ABOVE A series of paths connects multiple gardens on Jan and Tom McIntyre’s Bar Harbor property. Tom fashioned the arbor from cedar branches collected from a friend’s yard.
TEXT BY VIRGINIA M. WRIGHT
PHOTOS BY SUE ANNE HODGES
Thirty-five years ago, Jan and Tom McIntyre bought a two-acre parcel on the north end of Mount Desert Island that was so densely wooded they couldn’t traverse parts of it. With the help of a hired hand, Tom cut down some of the massive white pines and used the logs to build a one-bedroom cabin that served as the McIntyres’ seasonal retreat for nearly two decades. By then it had come to feel more like home than their house in Nashua, New Hampshire, so they said goodbye to Nashua and put their energies into improving the Bar Harbor property for year-round living, not only for themselves, but also for the wildlife they share it with.
Their cabin is now a three-bedroom house surrounded by gardens that host mostly Maine and New England native plants. Cedar waxwings, robins, thrushes, vireos, and pileated woodpeckers feast on bayberries, elderberries, flowering raspberries, and viburnums. Bees, butterflies, and hummingbirds flit amongst ironweed, swamp milkweed, verbena, and, in a sloping 600-square-foot bed, scores of heaths and heathers that Jan, a member of the Garden Club Federation of Maine, believes may be the largest such collection in the state.
ABOVE 1) Jan has planted drifts of heaths and heathers with their flower and foliage colors and forms in mind. 2) The steep slope, along the east side of the house, ensures the good drainage these plants require. Jan prunes them annually, some in spring, others in fall, after their blooms are spent. 3) Pea-stone paths wind around a garden planted with coneflowers, Joe Pye weed, lamb’s ears, phlox, and salvias, as well as assorted annuals, such as gomphrenas and zinnias. Young lavender plants grow in the curved raised bed created with pieces of slate. The birdbath is outfitted with a gravity-fed drip fountain.
“Our whole aim when planting is to provide the essential elements of wildlife habitat,” Jan says, ticking off the features that have earned the property National Wildlife Federation certification: “Territory for nesting; cover for protection in bad weather; places to raise young; food, like berries, nectar, pollen; and, of course, water.”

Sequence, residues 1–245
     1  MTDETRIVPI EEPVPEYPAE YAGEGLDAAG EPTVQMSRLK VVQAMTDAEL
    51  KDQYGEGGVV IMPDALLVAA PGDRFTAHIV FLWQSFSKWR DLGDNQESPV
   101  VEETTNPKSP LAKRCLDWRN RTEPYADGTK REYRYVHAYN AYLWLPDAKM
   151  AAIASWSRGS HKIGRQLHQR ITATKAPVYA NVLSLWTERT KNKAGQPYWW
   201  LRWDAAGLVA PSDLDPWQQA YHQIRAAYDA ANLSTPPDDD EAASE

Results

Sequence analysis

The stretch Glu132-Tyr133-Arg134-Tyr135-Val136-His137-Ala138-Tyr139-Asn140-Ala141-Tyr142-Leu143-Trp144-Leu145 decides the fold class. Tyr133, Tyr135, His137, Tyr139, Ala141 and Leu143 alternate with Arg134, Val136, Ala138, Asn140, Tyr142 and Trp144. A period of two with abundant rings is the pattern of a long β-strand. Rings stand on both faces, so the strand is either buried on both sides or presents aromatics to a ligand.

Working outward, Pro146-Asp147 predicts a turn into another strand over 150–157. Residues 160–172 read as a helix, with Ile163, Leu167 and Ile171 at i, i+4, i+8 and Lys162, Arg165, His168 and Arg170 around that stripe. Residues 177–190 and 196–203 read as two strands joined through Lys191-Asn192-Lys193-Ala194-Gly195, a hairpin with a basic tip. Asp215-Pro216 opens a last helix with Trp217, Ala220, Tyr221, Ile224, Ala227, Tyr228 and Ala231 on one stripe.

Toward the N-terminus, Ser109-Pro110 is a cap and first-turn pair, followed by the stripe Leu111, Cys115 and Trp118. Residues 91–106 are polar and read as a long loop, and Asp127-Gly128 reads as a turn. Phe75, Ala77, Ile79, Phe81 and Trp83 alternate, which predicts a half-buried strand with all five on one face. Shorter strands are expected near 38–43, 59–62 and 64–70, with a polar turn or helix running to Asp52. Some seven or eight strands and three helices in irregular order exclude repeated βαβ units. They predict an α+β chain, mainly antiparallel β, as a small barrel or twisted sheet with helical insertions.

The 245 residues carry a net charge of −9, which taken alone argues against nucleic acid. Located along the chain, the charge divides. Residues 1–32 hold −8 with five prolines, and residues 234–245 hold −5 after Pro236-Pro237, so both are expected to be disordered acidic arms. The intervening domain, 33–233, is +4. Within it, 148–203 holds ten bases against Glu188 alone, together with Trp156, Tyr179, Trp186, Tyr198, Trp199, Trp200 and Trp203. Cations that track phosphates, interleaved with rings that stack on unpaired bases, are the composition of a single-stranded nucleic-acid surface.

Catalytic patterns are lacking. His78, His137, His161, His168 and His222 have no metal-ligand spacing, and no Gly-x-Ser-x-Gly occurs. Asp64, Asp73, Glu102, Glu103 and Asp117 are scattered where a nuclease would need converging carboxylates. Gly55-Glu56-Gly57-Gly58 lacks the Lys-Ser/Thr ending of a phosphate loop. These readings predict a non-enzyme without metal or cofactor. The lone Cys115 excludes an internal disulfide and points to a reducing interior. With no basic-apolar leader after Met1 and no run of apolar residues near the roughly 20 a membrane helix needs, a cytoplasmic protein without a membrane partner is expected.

Birds prefer moving water, so the McIntyres have outfitted their gardens with gravity-fed baths that they assemble by threading a hose from the bowl and fountain to a five-gallon pail set four to five feet uphill. They’ve also dug a small pond in a fen at the edge of the woods, where water naturally flows and pools. Great blue herons and kingfishers fish for the frogs and minnows that have taken up residence under the blanket of lily pads. River otters and mink roam the mossy banks where Jan has planted buttonbushes, ferns, meadowsweets, pickerel weeds, and pussy willows. Mallards nest on the floating island that the McIntyres built by anchoring two coir-covered plastic bins to marine foam and drilling them with wicking channels into which they transplanted marsh marigolds and other pond plants.
ABOVE 1) Clematis creeps up a corner of a workshop/garden shed Tom built. 2) A treehouse of bark, moss, and branches in the fairy village Jan and her granddaughters created. 3) A birdhouse with a “swimming pool” from Bar Harbor’s Frost Farms. 4) Fairy abodes fashioned from juice cartons, beach pebbles, and periwinkles.
Jan and her granddaughters, ages 29 and 18, still add details to the fairy village they created near the house’s main entrance when the girls were young. It’s a pixie-style mixed development with miniature abodes ranging from the humble (two rocks set several inches apart and topped with a lintel stone) to the artful ( juice jug “frames” clad in pebbles and periwinkle shells) to the luxurious (an assemblage of hypertufa modules).
Jan derives particular satisfaction from her heath and heather garden. “It’s my baby,” she says. Dozens of varieties ensure mounds of deep-purple, lavender, rose, and white blooms from early spring to late summer. Equally beautiful is the foliage, a rainbow of lime and sage greens, bronzes, and fiery reds, oranges, and yellows. “I cover the plants with a cloth in winter so they won’t get decimated by the wind and sun, and I have to prune them regularly, some in the spring, others in the fall,” Jan says. “They’re a lot of work, but they’re so worth it.”